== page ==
The dreamy landscapes of the Po Delta and its Park

It’s a real “water maze” and should be discovered slowly

The Po Delta is a complex area, perhaps even difficult to discover to the fullest extent. It looks like a real water labyrinth: it is the place where “the land does not begin and the sea does not end,” it is said, to make it clear that the Delta’s boundaries are evanescent. These are places of strong contrasts that convey seduction, magic and wonder. An immense expanse that represents the largest wetland area in Europe and the Mediterranean and covers 786 square kilometers in Veneto territory (more than 120 of which are protected as a regional park).

The priority connotation of the Po Delta is naturalistic, but undoubtedly the environmental aspects are in close connection with the important and continuous human interventions on the territory, which over the millennia has left significant evidence in the delta landscape. In the variety of environments and artifacts that together create the landscape, there is one that is symbolic of what the Delta’s hard-working and gentle people have done and will do to build and preserve this land: the Cà Vendramin water-scooping machine, home to the Regional Museum of Reclamation.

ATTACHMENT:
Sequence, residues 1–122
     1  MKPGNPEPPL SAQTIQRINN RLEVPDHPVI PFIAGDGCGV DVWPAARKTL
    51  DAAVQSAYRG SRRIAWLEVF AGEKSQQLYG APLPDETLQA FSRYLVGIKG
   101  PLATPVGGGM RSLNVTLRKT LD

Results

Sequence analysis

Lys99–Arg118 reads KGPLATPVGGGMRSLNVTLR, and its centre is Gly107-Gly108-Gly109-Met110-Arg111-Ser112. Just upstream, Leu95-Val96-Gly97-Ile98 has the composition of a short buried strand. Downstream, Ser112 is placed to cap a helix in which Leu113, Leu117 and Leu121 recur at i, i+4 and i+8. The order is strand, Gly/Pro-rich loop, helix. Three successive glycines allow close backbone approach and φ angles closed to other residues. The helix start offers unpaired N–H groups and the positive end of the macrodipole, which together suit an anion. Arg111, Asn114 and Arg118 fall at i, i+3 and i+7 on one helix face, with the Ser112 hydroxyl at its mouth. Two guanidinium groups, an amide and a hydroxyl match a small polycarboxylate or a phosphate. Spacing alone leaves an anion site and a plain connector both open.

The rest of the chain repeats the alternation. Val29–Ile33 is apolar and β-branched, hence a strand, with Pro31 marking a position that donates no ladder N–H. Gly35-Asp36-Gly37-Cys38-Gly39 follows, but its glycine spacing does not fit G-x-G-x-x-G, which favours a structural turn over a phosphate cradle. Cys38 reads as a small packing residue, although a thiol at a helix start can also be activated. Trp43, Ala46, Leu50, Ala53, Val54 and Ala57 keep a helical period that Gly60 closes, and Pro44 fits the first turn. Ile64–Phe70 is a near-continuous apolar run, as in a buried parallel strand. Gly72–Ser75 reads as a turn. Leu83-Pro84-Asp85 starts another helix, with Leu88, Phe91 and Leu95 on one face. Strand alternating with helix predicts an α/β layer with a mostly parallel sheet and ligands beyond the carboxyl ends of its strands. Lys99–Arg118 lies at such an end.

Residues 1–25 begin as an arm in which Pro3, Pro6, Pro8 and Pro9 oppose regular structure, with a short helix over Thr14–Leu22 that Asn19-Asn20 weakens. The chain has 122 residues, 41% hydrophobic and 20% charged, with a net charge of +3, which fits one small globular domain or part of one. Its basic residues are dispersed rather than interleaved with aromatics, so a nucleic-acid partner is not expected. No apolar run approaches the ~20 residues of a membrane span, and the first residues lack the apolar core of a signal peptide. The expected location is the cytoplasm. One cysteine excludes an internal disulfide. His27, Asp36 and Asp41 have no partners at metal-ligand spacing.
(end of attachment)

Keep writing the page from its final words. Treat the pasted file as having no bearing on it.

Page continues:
Various are the places where nature presents itself in its best “naturalness”: the Coastal Botanical Garden of Porto Caleri and the Golena di Cà Pisani, the fossil dunes and the area of the Bocche di Po Nature Reserve.

Inland, on the other hand, one encounters fascinating ancient villages, such as the historic center of the city of Adria, which gave its name to the Adriatic Sea, and home to the National Archaeological Museum that houses Etruscan and Celtic, Greek and Roman artifacts; Loreo, former stronghold of the Serenissima; and San Basilio, an ancient resting place along the via Popilia, now a Cultural Tourist Center.

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